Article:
A friend of mine died last fall, and it got me thinking. This is one way I process, I write things out trying to make sense of them. Have you ever had someone in your life who just lights up when they see you? Feels good doesn’t it? Bill was like that. He’d light up when he saw me, pour a cup of coffee, say “hi kiddo,” sit down and just talk about anything and everything. I’m gonna miss Bill, he taught me a lot about friendship and about life.
I’m sure everyone has seen that email chain that’s gone around that says “friends for a season, a life time… etc” and listing the purpose of each. I get it about once a month or so, and now when i want it, I can’t find it. Figures.
Having moved over 20 times in my life, it wasn’t until I came to Tulsa that I really started makeing friends – that lasted more than six months, and got attached to people. I mean really attached. But then something happened, several died, and I was beside myself because I’d never had to experience that before. When you move a lot, friends ships are kind of like – fraternity rushes. You rush in, make as many surface friends and possible, but you don’t have time to get close because you know you’ll be gone again in a few months or a year. Good byes don’t hurt as much if you aren’t vested in the relationship.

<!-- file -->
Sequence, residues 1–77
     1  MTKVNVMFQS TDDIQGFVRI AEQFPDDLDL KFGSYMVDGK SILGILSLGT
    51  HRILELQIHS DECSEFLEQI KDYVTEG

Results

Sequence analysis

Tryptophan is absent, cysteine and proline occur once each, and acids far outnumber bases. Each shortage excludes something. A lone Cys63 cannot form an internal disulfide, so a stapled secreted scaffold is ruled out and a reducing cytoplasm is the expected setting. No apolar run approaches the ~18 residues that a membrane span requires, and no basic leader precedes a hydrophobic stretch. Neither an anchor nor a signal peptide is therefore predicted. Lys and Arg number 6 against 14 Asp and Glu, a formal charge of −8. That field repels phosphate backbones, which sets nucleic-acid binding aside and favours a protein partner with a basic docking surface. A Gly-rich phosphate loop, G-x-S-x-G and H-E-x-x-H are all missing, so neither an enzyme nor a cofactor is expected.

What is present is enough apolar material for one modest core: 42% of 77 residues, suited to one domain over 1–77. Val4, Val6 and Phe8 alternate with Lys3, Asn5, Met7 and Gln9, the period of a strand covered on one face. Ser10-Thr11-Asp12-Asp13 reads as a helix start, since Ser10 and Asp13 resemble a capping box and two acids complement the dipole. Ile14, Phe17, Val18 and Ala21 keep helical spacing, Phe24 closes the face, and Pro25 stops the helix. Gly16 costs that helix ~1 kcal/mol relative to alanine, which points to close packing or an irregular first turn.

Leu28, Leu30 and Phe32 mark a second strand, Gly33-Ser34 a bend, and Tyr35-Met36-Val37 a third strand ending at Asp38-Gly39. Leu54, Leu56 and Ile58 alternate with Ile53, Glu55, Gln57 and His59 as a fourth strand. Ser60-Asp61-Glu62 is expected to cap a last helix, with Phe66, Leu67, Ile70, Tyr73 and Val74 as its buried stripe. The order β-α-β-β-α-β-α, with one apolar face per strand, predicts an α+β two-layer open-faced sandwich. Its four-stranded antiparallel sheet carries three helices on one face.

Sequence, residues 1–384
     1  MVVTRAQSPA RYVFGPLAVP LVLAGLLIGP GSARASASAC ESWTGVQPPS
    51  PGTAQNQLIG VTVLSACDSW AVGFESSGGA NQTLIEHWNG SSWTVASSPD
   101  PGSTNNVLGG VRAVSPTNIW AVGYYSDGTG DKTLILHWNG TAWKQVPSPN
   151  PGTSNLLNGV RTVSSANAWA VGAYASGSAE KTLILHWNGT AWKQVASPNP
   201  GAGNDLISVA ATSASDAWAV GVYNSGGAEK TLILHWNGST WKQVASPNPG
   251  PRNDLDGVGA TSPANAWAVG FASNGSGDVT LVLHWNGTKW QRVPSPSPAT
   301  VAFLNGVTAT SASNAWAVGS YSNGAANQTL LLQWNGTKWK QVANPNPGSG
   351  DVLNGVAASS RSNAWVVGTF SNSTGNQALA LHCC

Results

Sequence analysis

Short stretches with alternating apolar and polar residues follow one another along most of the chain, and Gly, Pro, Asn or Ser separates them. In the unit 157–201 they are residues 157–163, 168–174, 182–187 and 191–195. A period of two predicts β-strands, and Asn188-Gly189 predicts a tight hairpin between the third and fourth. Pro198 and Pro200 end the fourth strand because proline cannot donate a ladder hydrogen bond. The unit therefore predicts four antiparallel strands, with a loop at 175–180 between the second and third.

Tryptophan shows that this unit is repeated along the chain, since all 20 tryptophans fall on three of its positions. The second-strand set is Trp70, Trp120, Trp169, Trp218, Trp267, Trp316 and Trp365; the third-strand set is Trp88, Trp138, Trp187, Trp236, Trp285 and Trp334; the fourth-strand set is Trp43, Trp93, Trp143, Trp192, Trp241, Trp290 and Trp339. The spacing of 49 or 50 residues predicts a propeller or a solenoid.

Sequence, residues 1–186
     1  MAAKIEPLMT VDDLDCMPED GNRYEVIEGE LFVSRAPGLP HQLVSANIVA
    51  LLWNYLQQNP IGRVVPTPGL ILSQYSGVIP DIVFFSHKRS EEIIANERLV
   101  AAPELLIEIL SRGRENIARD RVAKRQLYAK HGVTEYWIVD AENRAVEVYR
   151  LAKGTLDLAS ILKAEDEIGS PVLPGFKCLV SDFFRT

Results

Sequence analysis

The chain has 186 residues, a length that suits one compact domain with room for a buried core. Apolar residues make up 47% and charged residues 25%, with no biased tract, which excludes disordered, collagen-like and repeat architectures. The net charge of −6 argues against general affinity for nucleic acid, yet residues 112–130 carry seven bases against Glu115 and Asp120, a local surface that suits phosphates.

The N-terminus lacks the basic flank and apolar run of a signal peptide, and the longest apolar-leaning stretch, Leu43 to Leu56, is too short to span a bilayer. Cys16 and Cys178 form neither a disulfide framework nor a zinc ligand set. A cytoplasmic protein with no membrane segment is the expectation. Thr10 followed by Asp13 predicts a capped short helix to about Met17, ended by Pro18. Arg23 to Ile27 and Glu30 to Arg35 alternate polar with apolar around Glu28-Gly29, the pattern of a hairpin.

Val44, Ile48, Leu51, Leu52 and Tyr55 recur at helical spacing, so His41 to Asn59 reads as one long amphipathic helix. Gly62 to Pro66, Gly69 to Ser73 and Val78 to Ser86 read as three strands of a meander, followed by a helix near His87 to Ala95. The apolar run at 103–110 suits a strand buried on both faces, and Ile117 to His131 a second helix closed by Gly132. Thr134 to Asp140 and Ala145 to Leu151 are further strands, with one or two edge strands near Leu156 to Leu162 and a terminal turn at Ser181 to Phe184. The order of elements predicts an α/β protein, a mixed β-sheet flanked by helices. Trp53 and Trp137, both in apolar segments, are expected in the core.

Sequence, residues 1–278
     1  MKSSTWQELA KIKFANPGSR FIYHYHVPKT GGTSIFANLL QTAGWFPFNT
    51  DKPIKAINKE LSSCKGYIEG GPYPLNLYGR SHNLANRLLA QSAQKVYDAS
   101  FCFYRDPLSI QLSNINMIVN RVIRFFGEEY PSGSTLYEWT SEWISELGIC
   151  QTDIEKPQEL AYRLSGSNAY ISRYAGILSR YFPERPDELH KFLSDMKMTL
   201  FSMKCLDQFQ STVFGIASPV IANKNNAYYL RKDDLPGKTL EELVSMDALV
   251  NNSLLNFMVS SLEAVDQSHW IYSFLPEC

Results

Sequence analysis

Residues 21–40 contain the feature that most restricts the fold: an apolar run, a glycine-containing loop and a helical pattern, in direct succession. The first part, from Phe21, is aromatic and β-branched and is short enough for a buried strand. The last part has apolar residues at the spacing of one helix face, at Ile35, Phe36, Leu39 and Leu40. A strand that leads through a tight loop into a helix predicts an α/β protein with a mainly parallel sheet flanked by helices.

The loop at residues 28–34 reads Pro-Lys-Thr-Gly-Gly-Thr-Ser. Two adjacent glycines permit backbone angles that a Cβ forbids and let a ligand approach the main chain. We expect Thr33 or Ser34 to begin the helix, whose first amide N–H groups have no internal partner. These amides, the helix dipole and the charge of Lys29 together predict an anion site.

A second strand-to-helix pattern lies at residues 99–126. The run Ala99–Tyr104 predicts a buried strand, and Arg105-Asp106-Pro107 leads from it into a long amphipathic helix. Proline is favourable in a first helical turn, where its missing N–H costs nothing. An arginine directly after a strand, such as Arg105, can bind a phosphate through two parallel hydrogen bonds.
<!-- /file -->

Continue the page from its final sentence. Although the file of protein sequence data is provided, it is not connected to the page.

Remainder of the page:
I read a pretty cool interview with Reba McEntyre in one of my magazines this week and she talked about girlfriends. It was really a promo piece for her new CD “Duets” and it was more than just a promo piece if that makes sense. Reba opened up about some big losses in her life, like the time a plane carrying her crew crashed and eight people who were very close to her died. She went on to say that after that, she didn’t want to be friends with anyone anymore – it hurt to much to lose them. Somewhere in her healing she discovered that staying isolated and refusing to connect kept her from builiding memories and from growing. People do come and go in our lives, and it’s important that we build memories. It’s the memories that keep us going long after they are gone.